I rarely hear an artist sound the same in both their recordings and live performances. But when I do, I treasure it the most.

ROLE MODEL’s performance at Songbyrd in Washington, D.C., on Saturday was so incredibly memorable that it left me starstruck and eager for more by the end of the night. It didn’t matter that I was profusely sweating in my two layers of thick sweaters or that my view was obscured by an eager fan’s mess of thick curly hair. 

I was in complete awe as I listened to ROLE MODEL’s raspy voice, which had hints of tenderness mixed with Gen Z angst, perfectly hitting every note. I swear he had AutoTune shaking while he performed.

Throughout the night, ROLE MODEL, the musical moniker for Tucker Pillsbury, performed hits from his latest EP, oh, how perfect, as well as some of his older singles. In the packed, sauna-like venue, which oddly resembled a frat basement pregame, it was thrilling — and quite emotional — to watch Pillsbury’s zeal increase by the minute as he watched enthusiastic fans dance and sing along to his latest music.

And although Pillsbury may not be a mainstream artist (yet), the immense dedication and support from his fans in the District was beautiful to see. There was never a quiet moment, especially when Pillsbury broke into a new song or touched a lucky fan’s hands.

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Sure, the excessive screaming at times — especially during “hello!” off his new EP, or his 2018 single “six speed” — made it feel like I was at a sappy tween girl concert. But it just reassured the fact that so many local ROLE MODEL fans came out to enjoy quality music and support a talented budding artist.

But the most emotional moment was when Pillsbury performed a more alternative and lo-fi rendition of Miley Cyrus’ “The Climb.” As I listened and passionately sang along, I was reminded of those distinct moments in my childhood when I had the song on repeat.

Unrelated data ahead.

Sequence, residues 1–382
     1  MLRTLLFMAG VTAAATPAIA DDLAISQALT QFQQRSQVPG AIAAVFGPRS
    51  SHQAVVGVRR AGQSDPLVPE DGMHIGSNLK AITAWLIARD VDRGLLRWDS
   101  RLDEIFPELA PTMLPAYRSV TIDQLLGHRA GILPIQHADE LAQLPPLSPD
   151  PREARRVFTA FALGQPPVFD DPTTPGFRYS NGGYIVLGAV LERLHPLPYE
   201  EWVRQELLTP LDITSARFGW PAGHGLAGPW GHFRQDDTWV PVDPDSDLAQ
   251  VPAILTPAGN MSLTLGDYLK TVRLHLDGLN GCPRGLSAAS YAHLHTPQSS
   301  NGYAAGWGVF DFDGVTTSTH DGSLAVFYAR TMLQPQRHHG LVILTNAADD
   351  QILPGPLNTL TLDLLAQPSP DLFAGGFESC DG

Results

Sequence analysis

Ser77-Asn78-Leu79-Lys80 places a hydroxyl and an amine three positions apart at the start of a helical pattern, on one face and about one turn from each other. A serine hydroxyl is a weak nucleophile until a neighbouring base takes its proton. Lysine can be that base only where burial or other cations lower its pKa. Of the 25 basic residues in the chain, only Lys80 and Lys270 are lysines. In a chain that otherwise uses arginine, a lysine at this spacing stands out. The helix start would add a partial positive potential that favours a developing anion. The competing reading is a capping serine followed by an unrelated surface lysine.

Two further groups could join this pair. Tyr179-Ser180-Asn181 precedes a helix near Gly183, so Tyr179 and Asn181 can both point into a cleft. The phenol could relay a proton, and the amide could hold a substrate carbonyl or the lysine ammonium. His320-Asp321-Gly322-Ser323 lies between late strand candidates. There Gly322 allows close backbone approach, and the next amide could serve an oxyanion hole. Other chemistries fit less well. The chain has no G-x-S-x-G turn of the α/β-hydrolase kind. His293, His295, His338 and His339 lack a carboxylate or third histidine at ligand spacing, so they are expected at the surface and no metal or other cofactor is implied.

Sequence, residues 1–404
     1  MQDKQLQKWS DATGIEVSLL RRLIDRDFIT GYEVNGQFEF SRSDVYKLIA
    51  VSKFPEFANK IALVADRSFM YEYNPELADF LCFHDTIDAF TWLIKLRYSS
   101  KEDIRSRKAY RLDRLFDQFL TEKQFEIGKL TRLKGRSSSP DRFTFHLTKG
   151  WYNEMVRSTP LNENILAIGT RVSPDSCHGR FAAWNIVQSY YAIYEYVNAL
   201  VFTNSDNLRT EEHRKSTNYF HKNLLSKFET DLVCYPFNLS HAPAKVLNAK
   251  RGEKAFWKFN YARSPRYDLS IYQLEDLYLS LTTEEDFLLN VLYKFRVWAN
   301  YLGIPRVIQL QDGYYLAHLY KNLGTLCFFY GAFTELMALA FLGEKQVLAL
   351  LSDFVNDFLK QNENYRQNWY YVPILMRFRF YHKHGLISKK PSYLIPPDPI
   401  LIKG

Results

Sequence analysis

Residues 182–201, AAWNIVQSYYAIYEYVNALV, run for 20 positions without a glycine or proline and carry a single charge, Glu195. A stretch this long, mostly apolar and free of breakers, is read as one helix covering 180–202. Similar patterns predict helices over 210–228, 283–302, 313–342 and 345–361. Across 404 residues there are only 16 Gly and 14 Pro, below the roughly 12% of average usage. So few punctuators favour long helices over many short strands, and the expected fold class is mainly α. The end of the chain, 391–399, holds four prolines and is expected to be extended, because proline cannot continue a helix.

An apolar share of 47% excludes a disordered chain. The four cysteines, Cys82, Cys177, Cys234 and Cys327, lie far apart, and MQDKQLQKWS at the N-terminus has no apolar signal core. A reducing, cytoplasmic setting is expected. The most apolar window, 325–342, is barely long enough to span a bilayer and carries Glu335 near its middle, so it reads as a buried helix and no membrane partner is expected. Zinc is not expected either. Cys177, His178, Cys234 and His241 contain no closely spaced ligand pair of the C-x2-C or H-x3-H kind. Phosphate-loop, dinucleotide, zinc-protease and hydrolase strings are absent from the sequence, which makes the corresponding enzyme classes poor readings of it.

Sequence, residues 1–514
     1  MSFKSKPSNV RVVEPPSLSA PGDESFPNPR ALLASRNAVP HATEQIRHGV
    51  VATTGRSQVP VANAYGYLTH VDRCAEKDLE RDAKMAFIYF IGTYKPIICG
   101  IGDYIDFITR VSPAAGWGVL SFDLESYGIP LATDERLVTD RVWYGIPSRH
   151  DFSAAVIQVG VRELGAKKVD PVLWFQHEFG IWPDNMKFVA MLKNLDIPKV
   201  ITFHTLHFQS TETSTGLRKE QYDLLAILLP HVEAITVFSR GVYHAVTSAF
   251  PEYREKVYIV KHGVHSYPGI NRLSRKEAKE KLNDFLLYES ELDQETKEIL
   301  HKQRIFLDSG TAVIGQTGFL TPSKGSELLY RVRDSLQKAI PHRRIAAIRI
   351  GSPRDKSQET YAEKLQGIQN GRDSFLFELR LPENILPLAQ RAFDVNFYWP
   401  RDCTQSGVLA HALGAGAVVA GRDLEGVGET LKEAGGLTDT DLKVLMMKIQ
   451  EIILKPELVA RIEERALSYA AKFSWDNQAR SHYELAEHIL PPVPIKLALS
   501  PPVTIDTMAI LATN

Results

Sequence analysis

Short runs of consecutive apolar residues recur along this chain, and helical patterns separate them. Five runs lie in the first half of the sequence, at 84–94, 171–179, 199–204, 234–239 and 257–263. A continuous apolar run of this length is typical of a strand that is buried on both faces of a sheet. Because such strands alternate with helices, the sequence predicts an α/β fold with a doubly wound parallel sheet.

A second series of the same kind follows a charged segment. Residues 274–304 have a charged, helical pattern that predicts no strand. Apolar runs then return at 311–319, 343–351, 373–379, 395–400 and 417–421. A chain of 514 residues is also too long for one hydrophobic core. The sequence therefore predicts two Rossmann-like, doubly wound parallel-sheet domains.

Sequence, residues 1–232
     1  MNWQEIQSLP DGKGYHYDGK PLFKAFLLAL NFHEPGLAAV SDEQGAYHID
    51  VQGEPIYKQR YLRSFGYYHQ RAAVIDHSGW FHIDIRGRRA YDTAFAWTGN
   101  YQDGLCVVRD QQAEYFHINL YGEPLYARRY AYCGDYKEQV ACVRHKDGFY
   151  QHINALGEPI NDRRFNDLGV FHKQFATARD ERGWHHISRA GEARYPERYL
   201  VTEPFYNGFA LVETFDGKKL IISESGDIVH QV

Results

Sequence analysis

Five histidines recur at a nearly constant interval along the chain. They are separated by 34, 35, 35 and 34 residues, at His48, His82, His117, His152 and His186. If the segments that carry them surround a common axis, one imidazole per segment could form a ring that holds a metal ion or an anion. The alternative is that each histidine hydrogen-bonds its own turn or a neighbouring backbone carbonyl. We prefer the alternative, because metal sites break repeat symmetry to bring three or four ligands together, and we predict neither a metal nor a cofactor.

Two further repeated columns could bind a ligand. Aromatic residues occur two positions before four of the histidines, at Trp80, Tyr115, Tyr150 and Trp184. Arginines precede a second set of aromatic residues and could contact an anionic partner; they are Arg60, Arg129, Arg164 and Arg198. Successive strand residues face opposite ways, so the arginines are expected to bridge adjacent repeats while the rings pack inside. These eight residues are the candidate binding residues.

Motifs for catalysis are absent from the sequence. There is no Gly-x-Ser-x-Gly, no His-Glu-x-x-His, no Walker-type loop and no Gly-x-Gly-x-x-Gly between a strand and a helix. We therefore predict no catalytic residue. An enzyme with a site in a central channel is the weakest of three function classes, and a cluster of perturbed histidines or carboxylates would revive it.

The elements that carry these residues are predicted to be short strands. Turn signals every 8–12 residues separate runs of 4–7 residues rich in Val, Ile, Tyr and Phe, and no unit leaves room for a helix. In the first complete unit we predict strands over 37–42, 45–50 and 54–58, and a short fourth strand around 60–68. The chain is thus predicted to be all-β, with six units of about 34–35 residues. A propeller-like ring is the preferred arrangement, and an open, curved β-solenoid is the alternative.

Yet Pillsbury managed to make the already-somber song his own. His cover brought about a new meaning, and as a 20-year-old approaching 21, I couldn’t help but feel existential and slightly depressed as I contemplated the meaning of my own life as well as fearful yet hopeful about my future.

By 9:30 p.m., the night was coming to an end and Pillsbury’s grand finale was a performance of “thank you for coming.” He went all out as he danced feverishly, crowd surfed for a bit and then blew kisses to his ardent fans while walking off the stage.

However, the audience was still eager for more, and so was I. I found myself checking the time and thinking: “Really? It can’t possibly be over now? That was too short and the performance just can’t end this early.”

Antsy fans called for Pillsbury to play one more song and shouted a collection of song requests. In no time, Pillsbury was back on stage to ask the crowd if they were ready for a few more songs — the obvious answer an enthusiastic “YEAH!”

The night officially came to an end with a performance of “girl in new york”, one of my favorites from Pillsbury. It’s the song that introduced me to ROLE MODEL; watching him perform it live brought about a concoction of indescribable feelings.

Although the song is quite mellow and chill, I didn’t get those vibes when I listened to it live. Instead I got goosebumps and chills as soon as he played the first note. I also had this strong urge to cry and dance at the same time — which I did.

Not only is this song lyrically and instrumentally beautiful, it’s also incredibly hypnotic. Listening to “girl in new york” live was, quite frankly, an out-of-body experience, and I felt like I was sharing a sliver of happiness and a bit of untold musical gold with everyone else in the room.

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